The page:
But staff did initially issue the permit for the driveway. Shortly thereafter, a group of neighbors asked the council to revoke it, partly on grounds that the driveway never existed, saying that 35 current and former Louise Street residents don't remember any vehicle ever accessing the lot from the back. The man who sold the property to Mr. Sinnott contests that, saying work trucks had. City staff noted that yet another previous owner also had a permit, but never followed through.
The council voted 3-1 to nix Mr. Sinnott's permit after hearing from both sides.
The neighbors then asked the city to turn over the public right-of-way to adjoining homeowners — a process called abandonment — with plans to preserve it as green space in perpetuity with easements for pedestrian access. The council is scheduled to vote on the abandonment July 16; planning commissioners voted 4-2 last month that the request follows the city's general plan, but noted that they were not voting on whether abandonment should proceed or not.
Tempers have not cooled while everyone waits for the council's decision. Police responded to a complaint of possible heritage tree damage on Louise Street on June 13. Officers, after consulting the city's arborist, determined construction needed to stop until protection was put up around a heritage tree trunk, according to spokeswoman Nicole Acker. Police also told residents who had blocked the work crew's trucks with their own cars to move, and they complied, Ms. Acker said. No one was cited.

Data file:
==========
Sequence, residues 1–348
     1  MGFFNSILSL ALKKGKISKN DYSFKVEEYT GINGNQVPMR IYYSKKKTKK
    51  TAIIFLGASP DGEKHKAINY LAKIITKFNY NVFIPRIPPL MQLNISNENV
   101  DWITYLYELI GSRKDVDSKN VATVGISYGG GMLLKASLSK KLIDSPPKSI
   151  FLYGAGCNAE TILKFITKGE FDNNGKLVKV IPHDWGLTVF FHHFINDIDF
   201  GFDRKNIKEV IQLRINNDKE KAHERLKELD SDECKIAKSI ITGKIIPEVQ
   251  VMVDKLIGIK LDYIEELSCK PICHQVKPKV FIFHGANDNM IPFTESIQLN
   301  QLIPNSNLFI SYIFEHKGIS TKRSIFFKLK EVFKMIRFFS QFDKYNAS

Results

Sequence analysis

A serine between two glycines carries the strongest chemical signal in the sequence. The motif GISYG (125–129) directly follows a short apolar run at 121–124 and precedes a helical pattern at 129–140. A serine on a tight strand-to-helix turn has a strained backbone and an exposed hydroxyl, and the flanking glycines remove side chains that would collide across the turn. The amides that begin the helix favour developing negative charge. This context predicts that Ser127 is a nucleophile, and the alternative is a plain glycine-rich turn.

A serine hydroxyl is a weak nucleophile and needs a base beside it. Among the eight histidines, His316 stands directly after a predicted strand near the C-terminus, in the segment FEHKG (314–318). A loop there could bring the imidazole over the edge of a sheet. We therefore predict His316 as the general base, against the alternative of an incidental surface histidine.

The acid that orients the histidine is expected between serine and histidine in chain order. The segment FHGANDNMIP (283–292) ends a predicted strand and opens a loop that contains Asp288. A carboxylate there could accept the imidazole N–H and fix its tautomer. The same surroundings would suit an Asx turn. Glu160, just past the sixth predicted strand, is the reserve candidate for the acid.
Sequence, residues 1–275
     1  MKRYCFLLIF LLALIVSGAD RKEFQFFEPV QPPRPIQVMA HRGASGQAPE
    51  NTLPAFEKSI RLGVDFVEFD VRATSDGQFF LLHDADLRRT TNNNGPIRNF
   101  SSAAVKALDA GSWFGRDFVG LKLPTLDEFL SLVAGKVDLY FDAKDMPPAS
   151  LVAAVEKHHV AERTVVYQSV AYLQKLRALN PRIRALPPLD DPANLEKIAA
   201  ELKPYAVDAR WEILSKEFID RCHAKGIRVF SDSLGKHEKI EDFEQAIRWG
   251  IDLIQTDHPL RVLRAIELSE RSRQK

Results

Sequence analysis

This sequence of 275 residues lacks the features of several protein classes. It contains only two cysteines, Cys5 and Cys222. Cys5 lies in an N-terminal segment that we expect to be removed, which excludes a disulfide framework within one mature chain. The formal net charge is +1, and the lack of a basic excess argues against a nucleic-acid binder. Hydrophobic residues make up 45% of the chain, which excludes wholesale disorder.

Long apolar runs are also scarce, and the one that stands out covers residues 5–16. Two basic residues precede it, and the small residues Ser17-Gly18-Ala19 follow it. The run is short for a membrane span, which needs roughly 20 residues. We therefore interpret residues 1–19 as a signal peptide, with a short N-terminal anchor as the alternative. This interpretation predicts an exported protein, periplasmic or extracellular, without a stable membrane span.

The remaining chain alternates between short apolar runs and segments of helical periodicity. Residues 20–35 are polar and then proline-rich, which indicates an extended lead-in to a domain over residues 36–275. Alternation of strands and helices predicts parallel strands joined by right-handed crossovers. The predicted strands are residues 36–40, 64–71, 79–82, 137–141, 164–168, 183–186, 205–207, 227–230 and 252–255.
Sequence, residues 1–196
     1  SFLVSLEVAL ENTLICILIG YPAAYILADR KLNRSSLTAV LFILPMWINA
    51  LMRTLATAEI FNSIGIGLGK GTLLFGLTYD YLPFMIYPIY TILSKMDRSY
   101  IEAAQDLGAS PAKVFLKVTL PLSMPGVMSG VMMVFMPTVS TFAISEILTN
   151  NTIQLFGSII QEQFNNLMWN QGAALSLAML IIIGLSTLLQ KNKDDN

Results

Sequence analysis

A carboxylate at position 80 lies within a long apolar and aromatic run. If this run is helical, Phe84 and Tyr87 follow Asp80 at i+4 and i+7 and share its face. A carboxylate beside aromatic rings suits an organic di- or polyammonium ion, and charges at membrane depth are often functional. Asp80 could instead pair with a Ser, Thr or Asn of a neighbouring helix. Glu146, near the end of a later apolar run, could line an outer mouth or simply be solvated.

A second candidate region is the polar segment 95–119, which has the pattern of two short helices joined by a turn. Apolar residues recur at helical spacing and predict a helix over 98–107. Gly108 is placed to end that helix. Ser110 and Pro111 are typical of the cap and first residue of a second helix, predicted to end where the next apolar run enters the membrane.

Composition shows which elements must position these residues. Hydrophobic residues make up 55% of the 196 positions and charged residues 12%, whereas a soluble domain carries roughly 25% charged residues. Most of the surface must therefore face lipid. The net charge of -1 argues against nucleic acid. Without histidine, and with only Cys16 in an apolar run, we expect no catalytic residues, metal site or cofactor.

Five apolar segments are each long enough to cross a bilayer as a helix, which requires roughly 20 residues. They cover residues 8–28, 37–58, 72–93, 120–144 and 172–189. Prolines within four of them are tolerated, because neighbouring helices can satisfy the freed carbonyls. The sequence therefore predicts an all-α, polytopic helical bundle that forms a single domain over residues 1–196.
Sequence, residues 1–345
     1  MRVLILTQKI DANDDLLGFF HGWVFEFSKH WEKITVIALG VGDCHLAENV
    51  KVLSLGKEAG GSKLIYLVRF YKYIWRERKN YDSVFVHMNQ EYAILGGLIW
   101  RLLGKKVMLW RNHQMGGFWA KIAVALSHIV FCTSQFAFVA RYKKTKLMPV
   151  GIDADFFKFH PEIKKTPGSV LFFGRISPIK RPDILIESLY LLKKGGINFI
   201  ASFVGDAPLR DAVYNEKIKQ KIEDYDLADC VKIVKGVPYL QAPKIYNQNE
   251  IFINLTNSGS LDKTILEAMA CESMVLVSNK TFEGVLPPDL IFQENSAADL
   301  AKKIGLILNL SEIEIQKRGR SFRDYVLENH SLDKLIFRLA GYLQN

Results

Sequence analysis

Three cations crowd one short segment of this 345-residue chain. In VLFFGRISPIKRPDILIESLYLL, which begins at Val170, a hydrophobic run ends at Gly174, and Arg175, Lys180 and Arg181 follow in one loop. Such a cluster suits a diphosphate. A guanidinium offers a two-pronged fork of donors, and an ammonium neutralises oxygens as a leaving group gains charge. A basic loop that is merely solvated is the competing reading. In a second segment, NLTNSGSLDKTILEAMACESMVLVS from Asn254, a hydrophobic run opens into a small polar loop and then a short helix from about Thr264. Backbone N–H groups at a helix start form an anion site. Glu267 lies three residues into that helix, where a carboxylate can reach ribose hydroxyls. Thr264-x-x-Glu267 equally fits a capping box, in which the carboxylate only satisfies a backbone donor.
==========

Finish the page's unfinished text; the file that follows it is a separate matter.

Both sides called the other out for behaving rudely during the confrontation.
To hear the residents tell it, Mr. Sinnott's work crew showed up and tore down foliage, in the process damaging a heritage redwood tree growing on the right-of-way. The crew stripped away a screen of greenery that used to keep the neighbors from seeing Santa Cruz Avenue, they said, visibly changing the character of the street and leaving the residents terribly upset.
To hear developer Sam Sinnott and his attorney, Bill Garrett, tell it, the yard work thinned the backyard as a fire precaution and to save a heritage oak tree choked by overgrowth, after being authorized by the city's arborist. Protective fencing was installed as soon as the yard work cleared enough space, they said, and three to four redwood tree branches that crossed the property line were trimmed to avoid breakage as the crew's truck pulled into the yard.
Mr. Sinnott had informed the city about the work in advance. City Attorney Bill McClure told the Almanac that he suggested the developer wait until after the council votes on the abandonment "to avoid creating or escalating a conflict with the Louise Street neighbors."
The city attorney also said that no permit is required for the developer to access his property from Louise Street and that no laws would be violated by doing so "provided he does not remove any vegetation or trees from the public right of way, perform any work in the public right of way, or cause damage to the public right of way" without city approval.
This story contains 610 words.
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